Homeland security bill set for quick action

The Senate likely will act quickly to pass homeland security legislation already cleared by the House and send it to a conference committee for speedy consideration, legislative sources said. As Republicans gain control of the Senate, prospects for Democrats' objections to management flexibility provisions in the bill that have slowed its progress through Congress are fading.

'Senator Lott believes homeland security is a top priority,' said Ron Bonjean, spokesman for likely new Senate majority leader Trent Lott (R-Miss.) 'Senator Lott has spoken with Transportation Secretary Norman Mineta and believes homeland security should be brought up as soon as possible.'

Senate Republicans will not achieve a majority until incoming Missouri Sen. Jim Talent receives certification from election authorities in his state, however. Senate aides said they expect that to be completed by next week.

David Marin, spokesman for Rep. Tom Davis (R-Va.), said the congressman expects the homeland security bill, HR 5005, to be considered by a conference committee next week. 'We think the prospects for passing homeland security legislation improved markedly on Tuesday,' he said, referring to the change in parties controlling the Senate.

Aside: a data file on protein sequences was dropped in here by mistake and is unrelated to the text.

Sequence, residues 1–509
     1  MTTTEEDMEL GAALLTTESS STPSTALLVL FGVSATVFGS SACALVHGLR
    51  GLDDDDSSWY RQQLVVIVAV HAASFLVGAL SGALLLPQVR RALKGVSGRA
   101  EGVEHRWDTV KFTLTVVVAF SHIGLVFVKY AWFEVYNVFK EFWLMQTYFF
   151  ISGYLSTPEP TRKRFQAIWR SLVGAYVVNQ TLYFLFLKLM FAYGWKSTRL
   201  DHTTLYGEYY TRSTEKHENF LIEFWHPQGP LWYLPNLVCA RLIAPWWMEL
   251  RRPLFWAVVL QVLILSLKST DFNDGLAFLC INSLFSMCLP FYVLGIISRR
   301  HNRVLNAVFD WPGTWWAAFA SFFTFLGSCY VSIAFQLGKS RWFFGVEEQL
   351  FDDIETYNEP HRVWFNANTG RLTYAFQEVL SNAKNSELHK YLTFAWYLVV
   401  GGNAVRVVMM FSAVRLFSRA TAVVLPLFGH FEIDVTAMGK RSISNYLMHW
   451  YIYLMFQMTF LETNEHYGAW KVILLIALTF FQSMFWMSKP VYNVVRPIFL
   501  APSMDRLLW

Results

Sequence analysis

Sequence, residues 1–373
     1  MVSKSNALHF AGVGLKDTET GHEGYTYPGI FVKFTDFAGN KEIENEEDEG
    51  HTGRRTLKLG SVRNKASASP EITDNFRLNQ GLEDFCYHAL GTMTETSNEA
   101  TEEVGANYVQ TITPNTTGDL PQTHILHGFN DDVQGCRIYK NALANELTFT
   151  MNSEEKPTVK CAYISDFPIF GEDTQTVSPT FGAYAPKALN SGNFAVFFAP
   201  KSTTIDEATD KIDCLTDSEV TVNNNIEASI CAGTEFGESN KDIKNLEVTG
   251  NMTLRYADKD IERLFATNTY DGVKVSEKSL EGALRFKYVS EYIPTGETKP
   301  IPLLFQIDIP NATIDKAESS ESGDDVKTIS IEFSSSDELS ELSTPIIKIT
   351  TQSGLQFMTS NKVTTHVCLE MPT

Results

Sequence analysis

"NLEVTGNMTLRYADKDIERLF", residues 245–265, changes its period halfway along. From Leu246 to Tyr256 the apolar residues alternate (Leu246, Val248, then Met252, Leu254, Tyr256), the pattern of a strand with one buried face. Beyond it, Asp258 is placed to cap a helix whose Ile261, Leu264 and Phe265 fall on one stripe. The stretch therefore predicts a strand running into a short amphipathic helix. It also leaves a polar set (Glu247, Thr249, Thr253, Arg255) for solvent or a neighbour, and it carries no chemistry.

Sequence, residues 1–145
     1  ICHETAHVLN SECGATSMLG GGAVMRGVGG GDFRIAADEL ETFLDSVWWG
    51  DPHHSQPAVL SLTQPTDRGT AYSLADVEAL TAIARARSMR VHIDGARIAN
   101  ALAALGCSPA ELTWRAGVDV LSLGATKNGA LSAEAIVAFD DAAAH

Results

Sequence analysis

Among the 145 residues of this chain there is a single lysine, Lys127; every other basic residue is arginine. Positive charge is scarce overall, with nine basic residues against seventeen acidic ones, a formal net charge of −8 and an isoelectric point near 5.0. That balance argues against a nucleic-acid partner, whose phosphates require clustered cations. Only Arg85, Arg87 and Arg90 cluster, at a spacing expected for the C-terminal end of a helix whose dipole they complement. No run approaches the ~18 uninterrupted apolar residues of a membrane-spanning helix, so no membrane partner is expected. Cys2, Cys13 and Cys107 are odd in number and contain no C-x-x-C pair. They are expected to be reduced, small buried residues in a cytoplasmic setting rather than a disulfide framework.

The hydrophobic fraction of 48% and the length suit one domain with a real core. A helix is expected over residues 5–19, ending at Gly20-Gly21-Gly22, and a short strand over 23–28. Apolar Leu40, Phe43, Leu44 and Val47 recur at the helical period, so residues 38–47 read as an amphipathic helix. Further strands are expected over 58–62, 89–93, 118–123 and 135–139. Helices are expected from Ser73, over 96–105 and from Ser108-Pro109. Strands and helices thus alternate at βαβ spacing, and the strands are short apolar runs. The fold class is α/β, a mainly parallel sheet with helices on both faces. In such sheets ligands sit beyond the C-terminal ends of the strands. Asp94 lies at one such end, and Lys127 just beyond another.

Senate Democrats have at least one maneuver left to stall the president's goal of incorporating management flexibility for Homeland Security Department employees: a filibuster. Bonjean said, 'We would hope the need to protect the security of the American people would preclude a filibuster.'

Some of the most ardent opposition to the management flexibility provisions in the bill has come from the American Federation of Government Employees. AFGE spokeswoman Diane Witiak declined to say whether her union would press for a filibuster. 'I don't know that we have advocated a filibuster,' she said. 'We are working with all lawmakers.' Witiak expressed the hope that lawmakers could reach a compromise on the management flexibility issues to preserve civil service protections and the collective bargaining rights of federal employees.

'You have to remember,' Witiak said, 'that now with a completely Republican-controlled Congress there is nowhere to point a finger. ' I am sure the Republicans will be working with [Sen. Joseph I.] Lieberman and others on the bill.' Connecticut's Lieberman, the Democrats' homeland security standard bearer, has opposed the administration's management flexibility policies.


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